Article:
As a start to the day it’d been an ideal warm-up and having taken forty minutes less than our planned two and a half hours, we congratulated ourselves on being up on schedule.
What we liked: The views, wilderness feel, the final descent and free parking.
Not so hot: Too much fire road, both up and down, and some sections are feeling a bit past their use by date.
Worth a ride? Not on its own and you’d be disappointed if you’re one of the long travel, pads and full face helmet brigade. A fun XC blast but you’d have to double it with the nearby Penmachno trail or some natural trails to make a Betws Y Coed mountain bike trip worthwhile.
Beat of Brenin
Why, when and where? Located near Dolgellau, there’s been mountain biking going on at Coed Y Brenin since the early 1990s.
It was the first dedicated trail centre with bike hire, visitor centre and café. Legendary trail builder Dafydd Davis MBE was responsible for its first five waymarked trails which have been
continuously updated and added too.
With a new £1.6 million visitor centre built in 2006, and with constantly evolving mountain biking and running trails, it’s an outdoor Mecca. However, there was only one trail we could possibly choose, the scarily named Beast of Brenin. Anything else would have felt like a cop out and to be able to pass judgment on Coed Y Brenin, we had to tame the Beast.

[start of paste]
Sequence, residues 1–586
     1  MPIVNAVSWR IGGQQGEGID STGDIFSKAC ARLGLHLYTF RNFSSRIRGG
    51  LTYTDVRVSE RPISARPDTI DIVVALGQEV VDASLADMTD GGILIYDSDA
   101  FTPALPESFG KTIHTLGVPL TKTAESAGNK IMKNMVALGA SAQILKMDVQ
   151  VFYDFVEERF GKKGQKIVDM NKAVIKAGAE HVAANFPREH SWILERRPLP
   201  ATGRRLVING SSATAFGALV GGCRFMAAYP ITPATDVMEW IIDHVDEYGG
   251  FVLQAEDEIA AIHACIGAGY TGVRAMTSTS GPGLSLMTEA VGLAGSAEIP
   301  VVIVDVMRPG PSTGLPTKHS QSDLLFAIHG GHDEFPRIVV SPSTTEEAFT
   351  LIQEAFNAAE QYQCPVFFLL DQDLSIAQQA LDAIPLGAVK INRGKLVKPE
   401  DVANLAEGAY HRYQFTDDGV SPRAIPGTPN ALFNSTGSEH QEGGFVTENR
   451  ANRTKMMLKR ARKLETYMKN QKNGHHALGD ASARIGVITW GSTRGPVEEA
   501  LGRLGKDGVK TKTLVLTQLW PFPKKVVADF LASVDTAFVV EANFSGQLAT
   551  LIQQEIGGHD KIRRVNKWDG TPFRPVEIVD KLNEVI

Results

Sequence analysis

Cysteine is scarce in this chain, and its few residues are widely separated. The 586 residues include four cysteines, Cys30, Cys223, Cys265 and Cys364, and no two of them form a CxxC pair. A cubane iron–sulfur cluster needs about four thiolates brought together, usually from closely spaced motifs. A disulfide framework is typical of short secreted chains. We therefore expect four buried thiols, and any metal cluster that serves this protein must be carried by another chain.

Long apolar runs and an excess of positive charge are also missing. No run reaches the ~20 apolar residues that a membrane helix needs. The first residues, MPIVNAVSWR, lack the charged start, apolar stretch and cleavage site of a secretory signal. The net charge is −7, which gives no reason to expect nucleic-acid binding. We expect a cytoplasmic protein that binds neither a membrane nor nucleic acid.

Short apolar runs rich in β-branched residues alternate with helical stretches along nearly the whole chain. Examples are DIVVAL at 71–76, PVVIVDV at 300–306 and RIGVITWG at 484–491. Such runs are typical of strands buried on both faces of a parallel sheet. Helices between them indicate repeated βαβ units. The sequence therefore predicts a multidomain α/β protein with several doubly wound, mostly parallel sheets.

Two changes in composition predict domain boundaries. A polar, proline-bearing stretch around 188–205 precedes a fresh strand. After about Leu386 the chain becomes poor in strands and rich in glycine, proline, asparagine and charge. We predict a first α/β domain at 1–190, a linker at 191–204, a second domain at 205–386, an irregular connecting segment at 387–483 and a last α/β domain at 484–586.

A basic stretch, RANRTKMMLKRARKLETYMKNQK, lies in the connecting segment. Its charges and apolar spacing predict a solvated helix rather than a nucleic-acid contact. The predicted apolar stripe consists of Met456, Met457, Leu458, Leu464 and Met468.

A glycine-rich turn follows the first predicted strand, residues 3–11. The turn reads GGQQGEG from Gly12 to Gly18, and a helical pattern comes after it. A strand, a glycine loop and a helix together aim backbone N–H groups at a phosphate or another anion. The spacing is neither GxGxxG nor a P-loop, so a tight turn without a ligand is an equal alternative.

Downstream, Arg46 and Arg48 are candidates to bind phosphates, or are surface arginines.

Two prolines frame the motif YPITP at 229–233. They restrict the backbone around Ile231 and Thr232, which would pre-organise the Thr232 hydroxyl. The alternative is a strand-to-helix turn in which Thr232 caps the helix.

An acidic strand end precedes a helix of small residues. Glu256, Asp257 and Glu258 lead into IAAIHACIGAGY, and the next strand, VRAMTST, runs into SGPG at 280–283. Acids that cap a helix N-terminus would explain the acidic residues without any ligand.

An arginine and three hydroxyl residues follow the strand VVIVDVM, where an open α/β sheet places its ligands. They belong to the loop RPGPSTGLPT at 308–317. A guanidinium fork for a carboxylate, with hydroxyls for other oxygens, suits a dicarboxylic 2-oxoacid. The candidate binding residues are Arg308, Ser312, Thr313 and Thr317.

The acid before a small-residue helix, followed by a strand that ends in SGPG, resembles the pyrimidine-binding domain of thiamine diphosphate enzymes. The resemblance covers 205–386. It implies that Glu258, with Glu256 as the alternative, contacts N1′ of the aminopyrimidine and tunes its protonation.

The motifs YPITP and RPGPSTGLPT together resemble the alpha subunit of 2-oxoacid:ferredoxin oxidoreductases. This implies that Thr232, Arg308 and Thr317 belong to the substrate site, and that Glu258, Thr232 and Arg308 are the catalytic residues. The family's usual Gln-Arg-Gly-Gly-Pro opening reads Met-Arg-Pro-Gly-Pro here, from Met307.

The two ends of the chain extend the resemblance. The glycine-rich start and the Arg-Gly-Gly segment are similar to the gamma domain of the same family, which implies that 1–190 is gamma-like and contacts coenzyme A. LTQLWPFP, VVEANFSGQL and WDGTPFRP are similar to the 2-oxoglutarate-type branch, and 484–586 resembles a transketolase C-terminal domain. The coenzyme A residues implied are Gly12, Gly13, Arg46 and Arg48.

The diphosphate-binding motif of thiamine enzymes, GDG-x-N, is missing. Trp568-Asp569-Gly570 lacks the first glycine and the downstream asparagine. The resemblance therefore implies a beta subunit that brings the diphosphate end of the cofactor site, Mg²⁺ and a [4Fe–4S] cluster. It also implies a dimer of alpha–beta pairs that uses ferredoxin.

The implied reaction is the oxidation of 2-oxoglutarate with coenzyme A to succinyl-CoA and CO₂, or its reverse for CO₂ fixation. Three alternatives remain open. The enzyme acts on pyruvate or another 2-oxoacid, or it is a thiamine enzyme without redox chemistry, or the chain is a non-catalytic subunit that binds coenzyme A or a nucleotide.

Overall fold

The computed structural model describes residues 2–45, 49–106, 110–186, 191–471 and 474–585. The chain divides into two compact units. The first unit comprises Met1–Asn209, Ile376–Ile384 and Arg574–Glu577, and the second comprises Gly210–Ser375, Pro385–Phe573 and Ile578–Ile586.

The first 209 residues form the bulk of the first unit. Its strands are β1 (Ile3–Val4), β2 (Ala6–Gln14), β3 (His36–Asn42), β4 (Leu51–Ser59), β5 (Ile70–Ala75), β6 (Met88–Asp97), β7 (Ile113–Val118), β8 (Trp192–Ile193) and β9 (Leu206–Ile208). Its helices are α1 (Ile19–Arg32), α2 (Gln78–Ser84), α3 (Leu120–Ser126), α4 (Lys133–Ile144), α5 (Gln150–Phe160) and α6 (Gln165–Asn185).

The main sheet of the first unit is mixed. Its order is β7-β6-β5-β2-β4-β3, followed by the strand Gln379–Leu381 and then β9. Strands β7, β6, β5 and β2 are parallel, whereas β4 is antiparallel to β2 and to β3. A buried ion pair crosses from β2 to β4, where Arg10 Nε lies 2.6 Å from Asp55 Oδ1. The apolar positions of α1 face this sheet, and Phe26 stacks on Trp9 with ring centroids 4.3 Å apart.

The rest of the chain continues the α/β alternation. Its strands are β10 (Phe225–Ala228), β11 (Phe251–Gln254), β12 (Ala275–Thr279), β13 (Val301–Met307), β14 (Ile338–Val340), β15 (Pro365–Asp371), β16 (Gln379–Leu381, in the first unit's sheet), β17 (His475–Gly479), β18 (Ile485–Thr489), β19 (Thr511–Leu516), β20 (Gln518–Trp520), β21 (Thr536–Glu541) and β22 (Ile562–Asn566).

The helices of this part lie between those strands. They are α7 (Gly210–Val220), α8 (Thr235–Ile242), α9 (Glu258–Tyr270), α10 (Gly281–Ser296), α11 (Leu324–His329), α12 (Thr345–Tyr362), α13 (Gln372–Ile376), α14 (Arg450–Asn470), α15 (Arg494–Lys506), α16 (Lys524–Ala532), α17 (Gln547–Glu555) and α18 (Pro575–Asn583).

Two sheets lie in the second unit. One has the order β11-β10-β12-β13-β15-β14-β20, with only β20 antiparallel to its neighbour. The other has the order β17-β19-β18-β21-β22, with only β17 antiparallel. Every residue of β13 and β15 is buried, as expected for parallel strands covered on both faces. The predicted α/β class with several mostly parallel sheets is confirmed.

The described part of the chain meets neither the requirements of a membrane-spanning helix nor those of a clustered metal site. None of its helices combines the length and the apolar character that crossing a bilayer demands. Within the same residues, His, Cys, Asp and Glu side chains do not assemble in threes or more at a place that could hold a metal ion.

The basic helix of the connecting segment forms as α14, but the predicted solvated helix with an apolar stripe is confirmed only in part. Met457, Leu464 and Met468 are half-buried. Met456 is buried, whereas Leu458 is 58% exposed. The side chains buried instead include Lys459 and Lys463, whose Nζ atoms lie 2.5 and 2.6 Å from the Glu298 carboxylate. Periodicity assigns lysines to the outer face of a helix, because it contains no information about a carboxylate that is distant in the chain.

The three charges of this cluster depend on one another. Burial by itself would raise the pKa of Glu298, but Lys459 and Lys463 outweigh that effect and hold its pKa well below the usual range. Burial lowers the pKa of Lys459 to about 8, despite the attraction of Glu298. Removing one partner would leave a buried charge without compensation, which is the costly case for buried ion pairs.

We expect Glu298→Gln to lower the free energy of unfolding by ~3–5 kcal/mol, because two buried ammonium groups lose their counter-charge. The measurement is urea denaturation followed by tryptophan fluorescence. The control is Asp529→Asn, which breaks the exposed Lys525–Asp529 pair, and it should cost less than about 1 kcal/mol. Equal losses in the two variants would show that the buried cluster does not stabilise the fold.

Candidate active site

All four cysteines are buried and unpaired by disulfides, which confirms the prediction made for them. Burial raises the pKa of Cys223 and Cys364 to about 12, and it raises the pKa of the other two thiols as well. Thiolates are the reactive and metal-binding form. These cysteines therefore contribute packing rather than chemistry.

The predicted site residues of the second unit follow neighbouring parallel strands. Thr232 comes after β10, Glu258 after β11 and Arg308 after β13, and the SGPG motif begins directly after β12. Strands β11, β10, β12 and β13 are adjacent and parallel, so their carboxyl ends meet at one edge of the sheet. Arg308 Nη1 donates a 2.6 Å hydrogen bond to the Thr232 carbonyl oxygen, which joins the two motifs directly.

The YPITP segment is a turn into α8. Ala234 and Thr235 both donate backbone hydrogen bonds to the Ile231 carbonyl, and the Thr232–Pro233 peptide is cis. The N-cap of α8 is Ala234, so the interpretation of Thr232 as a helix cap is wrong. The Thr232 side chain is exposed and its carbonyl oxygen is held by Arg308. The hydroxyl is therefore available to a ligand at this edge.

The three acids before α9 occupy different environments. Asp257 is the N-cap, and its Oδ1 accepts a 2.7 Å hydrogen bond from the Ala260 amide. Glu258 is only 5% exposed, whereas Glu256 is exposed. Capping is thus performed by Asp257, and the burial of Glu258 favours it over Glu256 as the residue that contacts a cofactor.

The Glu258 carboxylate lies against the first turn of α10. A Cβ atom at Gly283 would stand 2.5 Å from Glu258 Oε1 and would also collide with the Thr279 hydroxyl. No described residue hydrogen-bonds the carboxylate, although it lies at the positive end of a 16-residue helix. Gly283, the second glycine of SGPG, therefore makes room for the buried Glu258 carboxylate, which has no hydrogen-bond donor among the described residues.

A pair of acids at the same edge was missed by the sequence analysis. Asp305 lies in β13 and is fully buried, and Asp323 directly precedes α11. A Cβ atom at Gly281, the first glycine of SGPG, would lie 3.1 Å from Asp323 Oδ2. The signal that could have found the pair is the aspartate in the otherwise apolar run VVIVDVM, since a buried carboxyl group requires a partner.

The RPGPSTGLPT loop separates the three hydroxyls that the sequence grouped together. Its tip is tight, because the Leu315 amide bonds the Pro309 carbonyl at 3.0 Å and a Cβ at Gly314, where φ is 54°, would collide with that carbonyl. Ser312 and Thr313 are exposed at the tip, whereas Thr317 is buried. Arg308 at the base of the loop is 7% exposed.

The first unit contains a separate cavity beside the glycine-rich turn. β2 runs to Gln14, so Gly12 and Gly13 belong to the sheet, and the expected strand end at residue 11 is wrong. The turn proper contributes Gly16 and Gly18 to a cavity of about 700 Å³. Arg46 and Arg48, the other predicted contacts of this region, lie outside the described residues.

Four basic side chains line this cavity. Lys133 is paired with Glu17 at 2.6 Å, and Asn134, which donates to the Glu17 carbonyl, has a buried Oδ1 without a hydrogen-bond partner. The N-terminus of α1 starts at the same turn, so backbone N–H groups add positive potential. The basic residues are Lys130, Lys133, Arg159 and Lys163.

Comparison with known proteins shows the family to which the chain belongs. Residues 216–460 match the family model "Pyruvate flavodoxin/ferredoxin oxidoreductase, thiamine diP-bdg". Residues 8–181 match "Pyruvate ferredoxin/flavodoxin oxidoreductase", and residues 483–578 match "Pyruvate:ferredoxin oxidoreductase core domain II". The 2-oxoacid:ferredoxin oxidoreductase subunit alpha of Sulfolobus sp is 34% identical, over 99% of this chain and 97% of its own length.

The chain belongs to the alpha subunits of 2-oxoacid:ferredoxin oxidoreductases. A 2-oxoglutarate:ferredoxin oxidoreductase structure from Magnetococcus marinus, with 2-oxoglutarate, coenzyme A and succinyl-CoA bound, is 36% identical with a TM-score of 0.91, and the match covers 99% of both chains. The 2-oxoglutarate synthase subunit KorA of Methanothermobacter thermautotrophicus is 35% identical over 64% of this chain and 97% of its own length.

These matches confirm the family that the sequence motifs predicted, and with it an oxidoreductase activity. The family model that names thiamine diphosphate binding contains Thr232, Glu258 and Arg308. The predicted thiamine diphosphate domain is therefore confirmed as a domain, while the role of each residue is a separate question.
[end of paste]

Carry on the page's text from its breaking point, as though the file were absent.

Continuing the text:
Tale of the trail This was the trail that had us worried and had the potential to blow our schedule out of the water. We had a ride time of three to six hours and hoped to do it in four.
Although the Marin hadn’t taken too much out of my legs and we’d gained some time, a couple of flats and the spectre of photographs meant we were feeling the pressure.
We passed under the giant forks that mark the start of the trail and the first section soon became a baptism of fire. It was fairly flat but had multiple rocky steps – my legs were soon burning and my focus had to be 100 percent. It was rapidly followed by a loose techie climb, which by the end of we were both questioning whether four hours was going to be possible.
It’s actually a genius bit of trail building, tough and technical but without any real hazards, and a safe way to test if you’ve got the skills and the fitness for the challenges to come. We ploughed on, and straight away the singletrack came thick and fast, rocky and technical, fast and flowing, tight and twisty – within the first 10 kilometres we’d had it all.
The four-kilometre non-stop singletrack of Pink Heifer and Big Dug was the trail highlight but it’s not all gravity fed and our legs were singing by its end. Yes, much of the height gained on the trail was on fire roads but there were also some challenging technical climbs too, however, these were more than compensated for by the fantastic and varied singletrack.
Black sections were pre-warned by an ominous skull and cross-bones and did indicate sizeable and unavoidable features such as some fairly chunky drop-offs. Enough to get the hard fluttering, adrenaline flowing and create some big grins that were thankfully not wiped off.
The middle section of the trail had some long fire road climbs which Paul started to flag a bit on but he did have to lug his camera kit with him. With some cheeky map work you could easily skip this section but we were committed to the whole thing. This route, along with a puncture and photo ops, was eating into our schedule so after a rest, refuel and reboot, we resolved to up our pace for the final third.
It was a singletrack onslaught, with a punishing final climb that really squeezed every drop out of our legs. The technical challenges didn’t ease one bit with roots and rocks seemingly poised to get you around every sinuous twist of the trail.